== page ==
Born in 1925, baritone Dietrich Fischer-Dieskau trained in his native Berlin until his studies were interrupted by conscription in the early 1940s, and was held in an American prisoner-of-war camp in Italy for two years where he continued to perform Schubert for his fellow inmates. Shortly after his release, he made his operatic debut as Posa in Berlin in 1948 and went on to become an imposing presence on major opera stages, winning particular acclaim as Mandryka, Kurwenal, Barak and Mozart's Count Almaviva but also encompassing heavyweights including Jokanaan, Wotan, Amfortas, Hans Sachs and The Dutchman. He has also championed new repertoire in the concert-hall and opera-house alike, having sung in the world premieres of many works including Britten's War Requiem, Henze's Elegie für junge Liebende and works by Rihm, Reimann and Matthus.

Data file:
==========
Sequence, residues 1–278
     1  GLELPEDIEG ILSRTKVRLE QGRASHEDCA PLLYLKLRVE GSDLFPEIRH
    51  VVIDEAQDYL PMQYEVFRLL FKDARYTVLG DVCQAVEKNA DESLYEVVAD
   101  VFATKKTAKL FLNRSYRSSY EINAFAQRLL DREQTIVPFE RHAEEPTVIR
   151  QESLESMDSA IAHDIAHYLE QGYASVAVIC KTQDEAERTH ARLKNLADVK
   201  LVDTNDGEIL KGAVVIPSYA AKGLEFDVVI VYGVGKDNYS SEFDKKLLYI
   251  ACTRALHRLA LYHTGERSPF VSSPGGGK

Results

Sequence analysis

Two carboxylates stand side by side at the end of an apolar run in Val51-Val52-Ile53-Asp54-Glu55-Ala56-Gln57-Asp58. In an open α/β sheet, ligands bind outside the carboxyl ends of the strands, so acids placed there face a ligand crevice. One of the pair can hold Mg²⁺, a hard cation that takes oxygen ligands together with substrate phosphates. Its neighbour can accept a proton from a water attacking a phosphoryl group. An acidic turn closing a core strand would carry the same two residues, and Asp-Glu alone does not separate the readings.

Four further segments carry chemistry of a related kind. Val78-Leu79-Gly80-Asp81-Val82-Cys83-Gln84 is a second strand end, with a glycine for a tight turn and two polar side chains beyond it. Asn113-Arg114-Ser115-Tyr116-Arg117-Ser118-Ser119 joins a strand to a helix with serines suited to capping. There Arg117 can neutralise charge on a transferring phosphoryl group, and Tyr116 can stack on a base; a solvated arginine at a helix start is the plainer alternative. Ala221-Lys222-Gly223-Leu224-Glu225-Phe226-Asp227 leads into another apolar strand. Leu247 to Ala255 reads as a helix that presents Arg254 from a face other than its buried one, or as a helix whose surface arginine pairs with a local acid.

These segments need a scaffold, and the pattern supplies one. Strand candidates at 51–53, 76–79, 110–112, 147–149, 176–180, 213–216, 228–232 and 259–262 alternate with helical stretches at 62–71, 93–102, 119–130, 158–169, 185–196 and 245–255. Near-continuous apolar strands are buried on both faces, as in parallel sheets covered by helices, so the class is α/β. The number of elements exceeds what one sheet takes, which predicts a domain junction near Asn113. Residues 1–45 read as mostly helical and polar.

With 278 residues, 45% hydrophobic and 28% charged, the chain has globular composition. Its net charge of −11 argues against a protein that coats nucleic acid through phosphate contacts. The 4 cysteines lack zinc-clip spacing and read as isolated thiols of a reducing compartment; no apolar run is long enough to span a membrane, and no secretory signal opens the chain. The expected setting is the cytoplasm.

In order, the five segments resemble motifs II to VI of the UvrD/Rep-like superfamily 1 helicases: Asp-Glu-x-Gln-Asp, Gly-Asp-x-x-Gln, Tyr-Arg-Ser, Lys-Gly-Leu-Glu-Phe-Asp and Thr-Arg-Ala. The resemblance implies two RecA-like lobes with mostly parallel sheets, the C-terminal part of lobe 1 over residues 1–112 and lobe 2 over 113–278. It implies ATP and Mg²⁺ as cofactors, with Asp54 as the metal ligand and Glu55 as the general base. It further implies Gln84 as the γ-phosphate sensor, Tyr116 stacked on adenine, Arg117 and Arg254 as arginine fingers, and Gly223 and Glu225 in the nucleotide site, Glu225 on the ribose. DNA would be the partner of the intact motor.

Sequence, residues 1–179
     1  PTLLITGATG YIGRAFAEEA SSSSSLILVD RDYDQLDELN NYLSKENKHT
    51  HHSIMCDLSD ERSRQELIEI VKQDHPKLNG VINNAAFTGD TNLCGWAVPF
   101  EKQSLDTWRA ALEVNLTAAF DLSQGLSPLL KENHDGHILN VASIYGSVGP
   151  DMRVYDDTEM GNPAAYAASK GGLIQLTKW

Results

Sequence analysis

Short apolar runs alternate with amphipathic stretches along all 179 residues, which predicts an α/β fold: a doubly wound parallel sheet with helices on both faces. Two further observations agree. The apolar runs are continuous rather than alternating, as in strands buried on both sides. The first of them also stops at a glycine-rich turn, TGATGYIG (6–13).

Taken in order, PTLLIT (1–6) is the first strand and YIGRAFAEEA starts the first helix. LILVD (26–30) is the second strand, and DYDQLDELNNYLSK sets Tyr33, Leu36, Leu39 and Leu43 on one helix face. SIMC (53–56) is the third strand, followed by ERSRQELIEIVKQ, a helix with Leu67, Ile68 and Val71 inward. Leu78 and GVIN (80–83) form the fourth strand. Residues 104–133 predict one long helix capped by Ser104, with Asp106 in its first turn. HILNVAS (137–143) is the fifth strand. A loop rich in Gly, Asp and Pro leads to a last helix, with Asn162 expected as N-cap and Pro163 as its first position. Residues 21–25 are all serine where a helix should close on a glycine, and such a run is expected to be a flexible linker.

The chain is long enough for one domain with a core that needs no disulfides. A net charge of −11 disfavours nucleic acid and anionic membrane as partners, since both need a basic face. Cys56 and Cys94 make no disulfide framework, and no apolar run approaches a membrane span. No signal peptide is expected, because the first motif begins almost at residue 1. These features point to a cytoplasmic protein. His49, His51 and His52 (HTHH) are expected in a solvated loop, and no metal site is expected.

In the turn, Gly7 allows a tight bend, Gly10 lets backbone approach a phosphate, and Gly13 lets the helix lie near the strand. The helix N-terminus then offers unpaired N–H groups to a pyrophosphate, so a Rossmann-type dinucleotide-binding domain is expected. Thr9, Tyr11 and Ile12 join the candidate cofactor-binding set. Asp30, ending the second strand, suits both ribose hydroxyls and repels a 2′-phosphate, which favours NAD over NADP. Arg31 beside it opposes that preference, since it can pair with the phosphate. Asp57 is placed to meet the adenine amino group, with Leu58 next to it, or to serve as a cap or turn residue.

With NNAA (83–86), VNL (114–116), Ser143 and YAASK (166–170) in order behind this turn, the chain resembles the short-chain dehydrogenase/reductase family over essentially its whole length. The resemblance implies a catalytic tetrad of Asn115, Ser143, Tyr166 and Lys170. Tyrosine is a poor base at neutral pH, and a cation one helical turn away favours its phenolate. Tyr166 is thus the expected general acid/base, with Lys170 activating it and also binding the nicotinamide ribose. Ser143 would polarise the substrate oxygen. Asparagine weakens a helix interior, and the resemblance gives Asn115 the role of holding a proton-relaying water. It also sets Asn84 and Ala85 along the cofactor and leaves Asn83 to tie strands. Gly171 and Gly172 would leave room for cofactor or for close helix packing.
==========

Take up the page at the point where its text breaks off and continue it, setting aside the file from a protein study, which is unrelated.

But he became best known as a master of German song: widely regarded as the finest lieder-singer of the last century, his recital repertoire numbers over 3000 songs by more than 100 composers (including all of the baritone songs of Schubert, Schumann and Wolf), and his interpretative originality, textual sensitivity and seemingly infinite palette of vocal colours arguably remain unequalled today. He did much to revive neglected works and the tradition of the song recital itself, and his masterful interpretations of lieder remain a benchmark for singers, pianists and audiences alike. Since his retirement in 1992, his incomparable influence in this realm continued through his recordings, writing and busy teaching schedule.
He passed away on 18th May 2012 just 10 days before his 87th birthday.